Broncs and Bulls: New events, big bulls, the usual mayhem

The rodeo follows Enterprise Summerfest June 23.
Kathleen Ellyn

Wallowa County Chieftain

Published on June 12, 2018 1:12PM

Kathleen Ellyn/Chieftain
Ray Baird of Midvale puts a new spin on “mountain high” on this big paint at the 2017 Mountain High Broncs and Bulls. Baird came in third with combined score on two rides of 148.

Kathleen Ellyn/Chieftain Ray Baird of Midvale puts a new spin on “mountain high” on this big paint at the 2017 Mountain High Broncs and Bulls. Baird came in third with combined score on two rides of 148.


Mountain High Broncs and Bulls Rodeo is back for its 15th run and it’s going to be a corker. The Western States Ranch Rodeo Association sanctioned event is part of the 8 Seconds Whiskey Ranch Bronc Riding Tour. Six Oregon cowboys are in the top 30 rankings for bronc riding this year.

The rodeo, which follows Enterprise Summerfest June 23, swings open the stock gates for the first event, Mutton Busting, at 5 p.m. at the Wallowa County Fairgrounds.

Any youth either seven years and younger and 50 pounds or lighter is welcome to grab some wool and ride for glory (and a silver buckle). A record 33 kids signed up last year.

Sign-up for the event at the Wallowa County Grain Growers Feed Department, 911 South River Street.

Next up are the cowboys with top riders in the Ranch Rodeo Circuit swinging a leg over a bronc or strapping down on a bull for the most fun you can have in eight seconds. Organizers expect 36 to 52 riders this year. Entries are often last minute as cowboys juggle schedules.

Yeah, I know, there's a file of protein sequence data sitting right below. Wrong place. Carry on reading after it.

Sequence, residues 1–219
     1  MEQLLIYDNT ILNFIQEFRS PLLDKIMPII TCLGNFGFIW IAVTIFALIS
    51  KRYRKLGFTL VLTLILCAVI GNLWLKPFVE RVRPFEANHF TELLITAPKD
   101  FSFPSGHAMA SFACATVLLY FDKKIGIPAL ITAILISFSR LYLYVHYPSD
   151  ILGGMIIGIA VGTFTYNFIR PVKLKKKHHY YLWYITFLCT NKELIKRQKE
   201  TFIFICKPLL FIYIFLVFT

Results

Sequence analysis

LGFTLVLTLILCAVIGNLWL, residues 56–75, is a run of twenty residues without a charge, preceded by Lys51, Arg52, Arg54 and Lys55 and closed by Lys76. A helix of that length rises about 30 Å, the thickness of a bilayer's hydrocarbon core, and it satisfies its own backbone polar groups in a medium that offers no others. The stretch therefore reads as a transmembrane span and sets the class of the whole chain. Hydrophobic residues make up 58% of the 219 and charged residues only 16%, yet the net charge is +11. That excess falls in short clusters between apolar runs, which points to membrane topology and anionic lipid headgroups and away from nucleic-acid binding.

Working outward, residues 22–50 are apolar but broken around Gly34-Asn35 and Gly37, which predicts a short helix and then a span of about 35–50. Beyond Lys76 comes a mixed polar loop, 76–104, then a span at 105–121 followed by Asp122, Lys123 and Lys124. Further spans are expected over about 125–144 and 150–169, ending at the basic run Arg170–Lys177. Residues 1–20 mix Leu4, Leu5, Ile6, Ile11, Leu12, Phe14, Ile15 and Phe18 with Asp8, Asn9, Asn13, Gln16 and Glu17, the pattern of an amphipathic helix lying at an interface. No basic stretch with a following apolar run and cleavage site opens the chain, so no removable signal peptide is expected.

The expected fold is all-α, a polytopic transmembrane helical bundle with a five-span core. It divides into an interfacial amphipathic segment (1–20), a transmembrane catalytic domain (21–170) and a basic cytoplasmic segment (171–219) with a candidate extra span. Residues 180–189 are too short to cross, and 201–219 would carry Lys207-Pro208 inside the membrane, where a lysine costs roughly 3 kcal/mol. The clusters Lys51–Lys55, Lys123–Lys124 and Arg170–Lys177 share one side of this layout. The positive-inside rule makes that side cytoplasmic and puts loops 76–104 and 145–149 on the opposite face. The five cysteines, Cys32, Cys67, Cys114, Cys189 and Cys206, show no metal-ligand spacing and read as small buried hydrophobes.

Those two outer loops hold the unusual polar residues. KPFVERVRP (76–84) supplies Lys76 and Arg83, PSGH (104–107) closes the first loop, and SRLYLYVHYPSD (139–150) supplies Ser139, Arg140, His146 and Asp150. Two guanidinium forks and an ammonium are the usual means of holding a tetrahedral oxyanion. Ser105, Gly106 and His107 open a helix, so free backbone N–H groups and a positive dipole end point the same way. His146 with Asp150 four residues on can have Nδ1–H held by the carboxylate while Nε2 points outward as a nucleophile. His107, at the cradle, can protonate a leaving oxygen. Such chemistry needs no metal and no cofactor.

This year, all the rough stock will be supplied by the business duo of Bonnie (Eckley) Rasmussen and Debbie Scott of Tri State Rodeo Co.

They’ll be bringing Marmaduke, the Bull, along for fans to admire and photograph. Marmaduke is a gentle giant until he gets in the chute. He is known for high-flying kicks over his head.

The most unpredictable ride in the rodeo is also back with the Wild Horse Race, where teams of three cowboys attempt to control, saddle and ride a wild horse after it bursts out of the chute.

It takes a committed fellow to sign up for the event whether he’s the shankman (holding the lead rope), the mugger (trying to hold the horse by the halter) or the rider.

As of June 5, there were nine teams signed up.

And in a new twist, this year for the first time, there is a Wild Pony Race for youth approximately 12 years of age, organized by Wup Winn. Call Wup at 541-263-2968 to register.

Some lucky man or woman might win $100 during the rodeo if they’re crazy enough to try and get it “The Hard Way.” Just get out in the arena and try to snatch a $100 bill off the horns of a bull. Or maybe you fancy your chances at Bull Poker.

Wildhorse Resort and Casinos has once again supplied a prize package for some lucky rodeo fan. Enter when you buy a ticket to the rodeo and throw a stub of your ticket in the bucket.

Wallowa County’s very own Mountain High Drill Team will perform as members carry the flags.

Barrel man George Kinter will entertain throughout the show, Lee Daggett is the volunteer announcer and an army of volunteers helps produce the event.

The Rodeo wraps up with Steven K and the Bounty Hunters performing for the dance 9 p.m. Cloverleaf Hall. Tickets available at the door.

Tickets to the rodeo are available at Video Buffs in Enterprise, J&S Automotive in Wallowa and Sports Corral in Joseph and at the gate, adults $12; 7-12 $6 and those 6 and under are admitted free.

The rodeo event is scheduled after the Enterprise Summerfest concludes in downtown Enterprise.



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